This is a weak refutation on IBM’s part. For one thing, Google is describing something it has done, while IBM is describing something it has theorized could be done. For another, standing up a quantum computer and saying “We’ve found a way to perform a task vastly more quickly than a classical computer does today,” is still relevant to the larger scope of quantum research and improvement. If the work being done in quantum computing spurs work that leads to more efficient classical computing algorithms, that’s a win-win as far as software development is concerned.
It may be easier to understand the relationship between quantum and classical computing by referring to the very early days of digital computing. While digital computers eventually outstripped analog computers, the earliest digital machines were electro-mechanical, relay-based systems that were much slower than the analog computers of the day. There were some significant digital-analog computer hybrids that took advantage of the best features of both worlds before digital computers completely took over the manufacturing landscape.
If you think about it from this perspective, “digital supremacy” was not a single event. Analog computers improved over the decades they were in use, just as digital computers did, and the best analog systems of say, 1960 were faster and more capable than the best analog computer of 1920. Digital machines improved faster, however, and were capable of addressing a much wider array of problems. Digital computers replaced analog systems over time.
One important distinction between quantum and classical computing as compared with digital versus analog is that no one expects quantum computers to ever replace classical machines. Quantum computers require liquid nitrogen to operate and there’s no way to duplicate that kind of cooling setup in a box you’d put under your desk or drop in a pocket. We’re not looking at the same kind of long-term replacement cycle, in this case, but we should expect that as both quantum and classical computers continue to evolve, classical computers will continue to be capable of addressing tests that they once could not calculate efficiently. Quantum computers, however, will grow their capabilities in these tests in a fundamentally different way.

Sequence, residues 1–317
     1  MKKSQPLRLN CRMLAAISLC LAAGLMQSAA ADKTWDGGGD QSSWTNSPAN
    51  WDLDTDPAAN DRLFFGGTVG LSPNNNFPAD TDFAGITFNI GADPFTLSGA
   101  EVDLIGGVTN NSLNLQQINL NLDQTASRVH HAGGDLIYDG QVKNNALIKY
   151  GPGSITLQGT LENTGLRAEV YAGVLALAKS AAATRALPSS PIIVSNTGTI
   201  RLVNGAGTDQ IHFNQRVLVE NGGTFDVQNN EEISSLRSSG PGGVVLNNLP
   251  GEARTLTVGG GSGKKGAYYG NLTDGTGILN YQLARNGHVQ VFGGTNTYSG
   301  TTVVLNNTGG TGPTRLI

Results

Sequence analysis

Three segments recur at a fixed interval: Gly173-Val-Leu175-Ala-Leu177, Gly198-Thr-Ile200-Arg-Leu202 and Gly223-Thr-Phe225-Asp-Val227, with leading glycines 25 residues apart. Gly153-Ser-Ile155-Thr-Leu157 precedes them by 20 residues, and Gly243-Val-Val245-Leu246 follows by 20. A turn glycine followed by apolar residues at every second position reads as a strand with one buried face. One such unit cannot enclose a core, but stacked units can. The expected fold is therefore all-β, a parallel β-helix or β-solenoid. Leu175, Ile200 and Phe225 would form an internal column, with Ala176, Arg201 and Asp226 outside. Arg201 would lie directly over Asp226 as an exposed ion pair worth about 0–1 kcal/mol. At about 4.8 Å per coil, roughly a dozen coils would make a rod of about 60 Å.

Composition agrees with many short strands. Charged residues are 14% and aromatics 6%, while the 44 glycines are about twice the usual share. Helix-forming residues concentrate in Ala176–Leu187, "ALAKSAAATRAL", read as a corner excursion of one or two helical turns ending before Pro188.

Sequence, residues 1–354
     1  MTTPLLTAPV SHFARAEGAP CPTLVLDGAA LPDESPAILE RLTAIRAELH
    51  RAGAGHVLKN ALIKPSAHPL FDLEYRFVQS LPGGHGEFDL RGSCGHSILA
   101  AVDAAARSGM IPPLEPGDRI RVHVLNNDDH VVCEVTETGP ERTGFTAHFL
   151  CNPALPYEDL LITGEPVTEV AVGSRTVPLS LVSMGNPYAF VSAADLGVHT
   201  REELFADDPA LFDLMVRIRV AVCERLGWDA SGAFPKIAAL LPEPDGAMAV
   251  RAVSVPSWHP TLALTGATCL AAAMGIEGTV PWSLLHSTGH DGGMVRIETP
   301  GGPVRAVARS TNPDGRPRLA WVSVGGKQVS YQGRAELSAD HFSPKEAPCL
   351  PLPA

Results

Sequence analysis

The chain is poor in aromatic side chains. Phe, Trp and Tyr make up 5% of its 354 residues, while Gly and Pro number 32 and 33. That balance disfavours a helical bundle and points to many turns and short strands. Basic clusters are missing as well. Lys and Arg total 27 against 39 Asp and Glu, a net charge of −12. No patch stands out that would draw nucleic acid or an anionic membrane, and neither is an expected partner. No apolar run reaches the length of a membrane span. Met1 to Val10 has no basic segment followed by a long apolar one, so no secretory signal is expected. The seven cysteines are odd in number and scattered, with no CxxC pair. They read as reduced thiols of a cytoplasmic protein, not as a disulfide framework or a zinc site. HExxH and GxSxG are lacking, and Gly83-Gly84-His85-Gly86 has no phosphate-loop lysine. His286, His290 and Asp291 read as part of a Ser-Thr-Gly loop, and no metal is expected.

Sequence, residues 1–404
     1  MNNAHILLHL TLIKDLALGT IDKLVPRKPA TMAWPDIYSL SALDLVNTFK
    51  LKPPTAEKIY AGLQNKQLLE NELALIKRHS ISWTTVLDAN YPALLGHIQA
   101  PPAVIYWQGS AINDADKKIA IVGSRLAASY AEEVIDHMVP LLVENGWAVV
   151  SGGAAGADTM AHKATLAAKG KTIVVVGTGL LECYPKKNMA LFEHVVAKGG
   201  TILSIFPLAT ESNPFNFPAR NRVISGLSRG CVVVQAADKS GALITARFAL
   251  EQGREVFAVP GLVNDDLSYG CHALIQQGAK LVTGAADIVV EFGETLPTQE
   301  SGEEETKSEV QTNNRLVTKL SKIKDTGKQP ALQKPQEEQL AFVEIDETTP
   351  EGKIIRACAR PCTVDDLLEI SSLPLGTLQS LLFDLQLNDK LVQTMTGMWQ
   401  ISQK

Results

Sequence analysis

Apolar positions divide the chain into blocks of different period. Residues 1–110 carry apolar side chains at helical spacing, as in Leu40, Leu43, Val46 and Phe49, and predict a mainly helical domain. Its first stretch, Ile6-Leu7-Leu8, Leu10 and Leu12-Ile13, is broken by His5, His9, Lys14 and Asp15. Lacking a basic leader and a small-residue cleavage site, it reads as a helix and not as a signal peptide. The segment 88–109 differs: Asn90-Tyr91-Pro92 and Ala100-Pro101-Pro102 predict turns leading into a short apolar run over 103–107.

Quantum computing expert Scott Aaronson makes this point in his blog, writing:
With a 53-qubit chip, it’s perfectly feasible to see a speedup by a factor of many millions, in a regime where you can still directly verify the outputs, and also to see that the speedup is growing exponentially with the number of qubits, exactly as asymptotic analysis would predict.
In other words, even if there’s a clever speedup that can make this specific solution simulatable on a classical computer, the rapid growth in the number of qubits in a universal quantum computer will soon prevent such solutions from working at all. As the number of available qubits increases, the number of problems quantum computing can address also increases.
So. Has Google absolutely achieved quantum supremacy? It looks that way for now, though a lot of very sharp-eyed people are going to be dissecting this paper in the days and weeks to come. But while IBM is trying to argue that they haven’t, I don’t see many scientists echoing that claim. For many years, there were real questions about whether it was possible to build a quantum computer at all. Today, researchers are grappling with how to build machines that can perform useful work. Even if Google’s paper were to be retracted, the question of quantum supremacy seems to very much be a matter of “when,” not “if.”